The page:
Can you tell readers about your background in dance?
Yes, I began dancing at a local dance school in my hometown of Greenfield, Indiana when I was ten years old. Prior to that I had been in gymnastics for a few years. Shortly after I started ballet and tap, my teacher recommended that my parents take me to the Jordan Academy of Dance in Indianapolis. They had an affiliation with the Butler Ballet, which at the time had a very reputable ballet program.
My sophomore year of high school I auditioned for the early enrollment program at Butler University and was accepted. My father was a teacher at my high school (English, Speech, and Drama) and worked with the principal to include me in the vocational program that allowed students to leave school mid-day to study a vocation. For two years I studied with the late Peggy Dorsey, Bud Kerwin, Therese Ragucci, William Glenn, and Karl Kaufman.
I then studied ballet at Indiana University in Bloomington, Indiana with Jean-Pierre Bonnefoux (now director of the North Carolina Ballet Theater with wife Patricia McBride), Jurgen Pagels, Madame Svetlova, Jory Hancock and Melissa Lowe. After receiving a BS in Ballet from IU I decided to follow Jory Hancock and Melissa Lowe to the University of Arizona where they had moved to teach. Jory is now the Dean of Fine Arts at the U of A and the dance department is one of the very best in the country.
Those were some of the best years of my dance life! While there I also performed frequently with Ballet Ensemble, now called the Tucson Ballet. After three years I received an MFA in Dance. I then danced as a guest artist with the Lexington Ballet in Kentucky until Achilles tendinitis forced me to stop dancing en pointe. Fortunately, I loved to teach and was able to teach at several private schools in the Lexington area as well as at the magnet middle school for the arts. After dancing, I was also able to start and run a dancewear store called Dance Essentials which was in business from 1993-2003 when we sold it.
When did you begin the blog–and why did you start it?
I began Inside Ballet Technique the summer of 2009. My family had moved to North Carolina in 2000 and circumstances required that I get a job that would help to support the family better financially. At this point I had been working for a bank doing computer support for nine years. I was feeling out of the loop with dance, almost to the point that it seemed like a whole different life that was becoming a distant memory.
When I started dancing at Butler University I had begun writing down combinations from the classes I took. I continued this practice during my years at Indiana University and the University of Arizona as well as keeping notebooks full of my own combinations from classes I taught in Kentucky. Somehow it occurred to me that this wealth of information might be useful to other teachers, and after searching the web I realized that no one had offered anything similar yet. The few books I’d acquired that had ballet class combinations were difficult to follow, so I thought I’d put a few of my combos out there and see if others could read my style of recording them. The response was favorable!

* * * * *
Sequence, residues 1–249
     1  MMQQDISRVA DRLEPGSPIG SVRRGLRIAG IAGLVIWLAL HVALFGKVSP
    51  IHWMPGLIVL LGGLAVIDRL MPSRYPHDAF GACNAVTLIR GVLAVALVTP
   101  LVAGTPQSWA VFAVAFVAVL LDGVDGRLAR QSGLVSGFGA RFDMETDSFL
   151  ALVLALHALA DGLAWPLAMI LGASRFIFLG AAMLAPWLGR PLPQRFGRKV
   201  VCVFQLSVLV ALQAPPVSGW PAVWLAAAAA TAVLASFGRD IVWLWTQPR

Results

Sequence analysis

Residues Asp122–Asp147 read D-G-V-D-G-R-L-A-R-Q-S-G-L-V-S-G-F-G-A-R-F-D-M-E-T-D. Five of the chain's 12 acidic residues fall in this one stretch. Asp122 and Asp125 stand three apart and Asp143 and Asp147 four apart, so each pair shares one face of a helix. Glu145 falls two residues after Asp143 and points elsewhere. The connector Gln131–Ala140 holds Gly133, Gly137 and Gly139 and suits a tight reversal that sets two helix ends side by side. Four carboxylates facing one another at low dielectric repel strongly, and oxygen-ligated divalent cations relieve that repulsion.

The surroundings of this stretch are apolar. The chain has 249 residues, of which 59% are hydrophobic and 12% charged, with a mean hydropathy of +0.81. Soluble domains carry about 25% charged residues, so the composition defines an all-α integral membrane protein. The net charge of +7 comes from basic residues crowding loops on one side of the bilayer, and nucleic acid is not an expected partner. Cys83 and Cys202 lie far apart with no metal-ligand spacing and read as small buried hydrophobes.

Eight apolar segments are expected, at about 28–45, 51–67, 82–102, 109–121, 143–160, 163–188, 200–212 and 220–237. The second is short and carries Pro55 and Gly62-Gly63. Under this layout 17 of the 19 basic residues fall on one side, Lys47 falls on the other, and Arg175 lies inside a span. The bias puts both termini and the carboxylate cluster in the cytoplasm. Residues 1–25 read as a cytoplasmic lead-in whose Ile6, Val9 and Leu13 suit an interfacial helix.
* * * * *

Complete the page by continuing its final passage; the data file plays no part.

What does the blog cover?
In addition to offering combinations for barre, center, and pointe work, the blog covers topics for teachers and dancers. I’ve written about methods I used teaching creative movement, beginning ballet, and up. Topics also include how to improve your technique, how to manage pain, nutrition, caring for pointe shoes, issues on weight, and inspirational posts.
I haven’t expanded on it yet, but I want to do more interviews with dancers who are or have performed with companies that my readers would be interested in hearing about. The one I have out there now is from one of my roommates in Tucson during graduate school, Carolyn Ockert-Haythe, who has danced on Broadway now for several years! She gives some great advice to dancers hoping to break into New York City’s dance scene.
What has been the best part about participating in the dance community online?
The best part are the friends I’ve made. Catherine Tully from 4dancers and Nichelle Strzepek from Dance Advantage have become personal friends that I really admire. I’ve also learned a lot from the LinkedIn group Teachers of Classical Ballet, where discussions on technique are held with extreme detail among teachers all over the world.
What other dance blogs do you read?
In addition to 4dancers.org and danceadvantage.net, I enjoy reading 2pointesocial, tendusunderapalmtree.com, and I like following Daniil Simkin from ABT. For a ballet dancer he’s very techie too, and is able to share a lot of his experiences of dancing with the online community.
BIO: Tamara Rhoades has an MFA in dance from the University of Arizona, 1992 and a BS in ballet from Indiana University, 1988. She also studied dance at Butler University for two years as a high school student. She danced professionally in Arizona and Kentucky, and taught ballet at Indiana University, University of Arizona, University of Kentucky, and Eastern Kentucky University, as well as the School of Lexington Ballet, School for Creative and Performing Arts in Lexington, KY, and Town and Village School of Dance in Paris, KY. She has also performed with the Indiana University Opera Theater in numerous productions and with the IU Musical Theater as Laura (Larry) in A Chorus Line. Tap was Tamara’s favorite class growing up. She has published a book, “Classical Ballet: Combinations for Ten Complete Advanced Classes”, and writes at www.insideballet.com.